My training in linguistics began at University College Dublin in the departments of Early and Medieval Irish and Linguistics. I wrote a senior thesis on the phonology of Old Irish and went to the University of Texas for doctoral work, expecting to concentrate in historical phonology. Arriving in Austin, though, I got caught up in the excitement of the early years of Montague semantics, working with Stanley Peters, with Lauri Karttunen, and with Bill Ladusaw, who was also a student there at the time. Since then, I have had an interest in issues at the syntax semantics interface and in the strands of research that grew out of Montague's work.
My dissertation advisor at Austin, though, was the late Lee Baker, who was primarily a syntactician, and syntax is where my heart has mostly been.
Following my dissertation work, I spent a crucial postdoctoral year in the School of Celtic Studies of the Dublin Institute for Advanced Studies, where I was lucky enough to have the late David Greene as my supervisor and mentor. My teaching career began in earnest in the Department of Modern Irish at University College Dublin in 1979, where I was able to (and had to) immerse myself in the tradition of philological work on Irish. In that period I also held a series of visiting appointments at MIT and at UC San Diego. I have worked at UC Santa Cruz since the autumn of 1988, after spending a year as a fellow of the Center for Advanced Study in the Behavioral Sciences at Stanford.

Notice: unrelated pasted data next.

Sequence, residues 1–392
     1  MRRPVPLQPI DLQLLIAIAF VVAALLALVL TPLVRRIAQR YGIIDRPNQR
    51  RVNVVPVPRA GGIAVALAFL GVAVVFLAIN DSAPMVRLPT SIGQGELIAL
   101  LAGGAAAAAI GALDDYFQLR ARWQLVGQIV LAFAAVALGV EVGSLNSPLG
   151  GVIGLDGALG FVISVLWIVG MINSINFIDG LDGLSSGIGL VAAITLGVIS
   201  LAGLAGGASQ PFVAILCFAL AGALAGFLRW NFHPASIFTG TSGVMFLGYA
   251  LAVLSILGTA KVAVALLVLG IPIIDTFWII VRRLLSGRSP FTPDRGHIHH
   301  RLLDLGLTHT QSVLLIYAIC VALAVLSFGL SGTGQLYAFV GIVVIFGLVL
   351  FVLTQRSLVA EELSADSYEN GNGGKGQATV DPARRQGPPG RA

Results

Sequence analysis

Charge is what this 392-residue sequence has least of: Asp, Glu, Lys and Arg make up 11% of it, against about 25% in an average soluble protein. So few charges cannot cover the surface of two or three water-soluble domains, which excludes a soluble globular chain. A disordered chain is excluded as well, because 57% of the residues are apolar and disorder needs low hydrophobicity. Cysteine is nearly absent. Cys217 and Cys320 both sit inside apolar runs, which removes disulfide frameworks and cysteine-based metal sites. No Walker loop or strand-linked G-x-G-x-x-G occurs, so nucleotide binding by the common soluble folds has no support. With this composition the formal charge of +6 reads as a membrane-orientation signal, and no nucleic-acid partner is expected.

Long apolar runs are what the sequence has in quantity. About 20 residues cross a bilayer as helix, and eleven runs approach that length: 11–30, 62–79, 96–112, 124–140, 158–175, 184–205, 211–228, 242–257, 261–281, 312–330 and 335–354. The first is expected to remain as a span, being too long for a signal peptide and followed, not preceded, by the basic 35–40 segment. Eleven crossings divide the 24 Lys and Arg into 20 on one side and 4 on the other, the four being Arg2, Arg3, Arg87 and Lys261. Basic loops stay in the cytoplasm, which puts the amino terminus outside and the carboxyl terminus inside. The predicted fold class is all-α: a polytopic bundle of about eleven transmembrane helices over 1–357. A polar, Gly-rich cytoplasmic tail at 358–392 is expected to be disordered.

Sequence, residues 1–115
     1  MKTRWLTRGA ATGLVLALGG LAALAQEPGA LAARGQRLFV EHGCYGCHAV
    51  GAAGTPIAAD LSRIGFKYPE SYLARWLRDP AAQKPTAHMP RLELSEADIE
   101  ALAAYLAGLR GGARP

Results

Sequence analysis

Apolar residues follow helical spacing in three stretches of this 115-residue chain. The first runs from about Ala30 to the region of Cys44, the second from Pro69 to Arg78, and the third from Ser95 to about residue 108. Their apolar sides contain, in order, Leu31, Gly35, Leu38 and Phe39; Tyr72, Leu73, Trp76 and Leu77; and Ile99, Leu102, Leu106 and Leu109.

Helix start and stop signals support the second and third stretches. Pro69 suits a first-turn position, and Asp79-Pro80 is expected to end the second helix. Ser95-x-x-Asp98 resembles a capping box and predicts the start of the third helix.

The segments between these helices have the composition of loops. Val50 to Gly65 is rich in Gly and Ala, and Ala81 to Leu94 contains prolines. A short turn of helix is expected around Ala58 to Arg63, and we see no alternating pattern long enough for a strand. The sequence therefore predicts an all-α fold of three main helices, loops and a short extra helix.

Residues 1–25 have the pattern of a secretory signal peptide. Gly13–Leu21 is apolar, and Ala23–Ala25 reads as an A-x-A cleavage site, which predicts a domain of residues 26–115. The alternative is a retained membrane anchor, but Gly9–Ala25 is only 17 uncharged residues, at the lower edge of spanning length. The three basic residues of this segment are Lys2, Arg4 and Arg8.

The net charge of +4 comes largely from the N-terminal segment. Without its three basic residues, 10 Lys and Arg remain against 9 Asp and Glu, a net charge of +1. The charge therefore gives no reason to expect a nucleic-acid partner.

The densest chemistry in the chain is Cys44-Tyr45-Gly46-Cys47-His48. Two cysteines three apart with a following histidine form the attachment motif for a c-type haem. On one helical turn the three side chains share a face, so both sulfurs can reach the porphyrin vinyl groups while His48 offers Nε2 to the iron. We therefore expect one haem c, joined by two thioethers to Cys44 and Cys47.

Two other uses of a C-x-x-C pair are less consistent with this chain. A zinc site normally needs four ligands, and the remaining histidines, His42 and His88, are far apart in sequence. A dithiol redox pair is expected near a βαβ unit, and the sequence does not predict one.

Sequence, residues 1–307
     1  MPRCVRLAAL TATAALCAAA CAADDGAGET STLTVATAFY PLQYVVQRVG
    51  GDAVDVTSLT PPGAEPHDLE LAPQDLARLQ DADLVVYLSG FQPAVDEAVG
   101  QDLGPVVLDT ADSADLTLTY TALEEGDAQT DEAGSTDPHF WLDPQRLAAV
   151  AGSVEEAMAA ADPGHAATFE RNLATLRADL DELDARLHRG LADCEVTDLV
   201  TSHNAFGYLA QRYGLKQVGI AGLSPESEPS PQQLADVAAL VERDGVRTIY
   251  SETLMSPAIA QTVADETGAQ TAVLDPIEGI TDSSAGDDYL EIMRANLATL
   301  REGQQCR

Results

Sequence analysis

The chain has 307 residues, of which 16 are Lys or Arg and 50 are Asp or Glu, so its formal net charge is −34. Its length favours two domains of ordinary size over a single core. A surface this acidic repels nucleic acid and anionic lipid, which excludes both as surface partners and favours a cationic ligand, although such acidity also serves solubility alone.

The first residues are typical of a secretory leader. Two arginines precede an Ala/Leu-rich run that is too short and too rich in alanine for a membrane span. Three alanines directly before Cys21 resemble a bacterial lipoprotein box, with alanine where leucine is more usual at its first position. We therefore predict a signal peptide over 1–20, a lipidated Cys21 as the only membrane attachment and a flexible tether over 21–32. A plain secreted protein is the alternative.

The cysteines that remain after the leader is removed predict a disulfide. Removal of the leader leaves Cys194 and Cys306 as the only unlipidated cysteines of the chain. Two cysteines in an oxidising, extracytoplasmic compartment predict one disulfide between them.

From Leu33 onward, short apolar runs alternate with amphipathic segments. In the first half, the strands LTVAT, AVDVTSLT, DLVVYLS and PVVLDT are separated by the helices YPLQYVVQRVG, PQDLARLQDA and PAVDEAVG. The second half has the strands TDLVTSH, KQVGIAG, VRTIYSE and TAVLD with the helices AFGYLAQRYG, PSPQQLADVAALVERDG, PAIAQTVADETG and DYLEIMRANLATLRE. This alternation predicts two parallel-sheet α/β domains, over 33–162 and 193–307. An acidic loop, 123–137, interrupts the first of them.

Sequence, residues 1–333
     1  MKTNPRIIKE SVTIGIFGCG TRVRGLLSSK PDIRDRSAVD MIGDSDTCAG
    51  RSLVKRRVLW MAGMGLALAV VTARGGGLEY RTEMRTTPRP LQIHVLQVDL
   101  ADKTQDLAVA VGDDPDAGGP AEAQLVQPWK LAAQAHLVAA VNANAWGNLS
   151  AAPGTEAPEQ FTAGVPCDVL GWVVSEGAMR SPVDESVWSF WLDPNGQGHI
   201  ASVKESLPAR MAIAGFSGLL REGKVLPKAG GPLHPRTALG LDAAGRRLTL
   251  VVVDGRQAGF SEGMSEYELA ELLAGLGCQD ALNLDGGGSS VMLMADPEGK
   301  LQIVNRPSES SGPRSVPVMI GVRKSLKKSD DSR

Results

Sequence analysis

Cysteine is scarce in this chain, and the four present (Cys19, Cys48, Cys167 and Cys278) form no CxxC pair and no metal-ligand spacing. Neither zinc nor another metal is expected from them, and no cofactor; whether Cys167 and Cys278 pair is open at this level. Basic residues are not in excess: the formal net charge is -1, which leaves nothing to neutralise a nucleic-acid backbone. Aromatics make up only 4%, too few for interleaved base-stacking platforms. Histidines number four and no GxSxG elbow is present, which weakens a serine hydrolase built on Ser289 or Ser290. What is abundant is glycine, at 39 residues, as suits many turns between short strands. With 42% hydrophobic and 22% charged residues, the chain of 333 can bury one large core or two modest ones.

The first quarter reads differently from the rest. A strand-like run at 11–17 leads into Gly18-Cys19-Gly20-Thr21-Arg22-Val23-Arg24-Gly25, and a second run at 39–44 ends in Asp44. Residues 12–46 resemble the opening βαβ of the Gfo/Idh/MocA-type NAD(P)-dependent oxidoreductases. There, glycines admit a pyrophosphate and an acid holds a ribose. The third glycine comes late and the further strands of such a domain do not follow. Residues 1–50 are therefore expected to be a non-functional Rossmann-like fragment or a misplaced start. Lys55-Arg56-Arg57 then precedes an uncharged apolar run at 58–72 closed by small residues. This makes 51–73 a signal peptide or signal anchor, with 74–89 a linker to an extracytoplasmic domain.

Throughout, my goals have been to meld the descriptive care characteristic of the best philological work with the intellectual daring and rigor to be found in the best generative work. My long term commitment is to work on the Irish language, trying to make the facts of Irish shed light on the general theory of language, and reciprocally, to have the theory shed light on the facts of Irish.
I also have a long-term commitment to research on non-standard varieties of English, and since I work on Irish, I am necessarily and sadly interested in issues of language-endangerment, language-extinction, and the possibility of language-revival.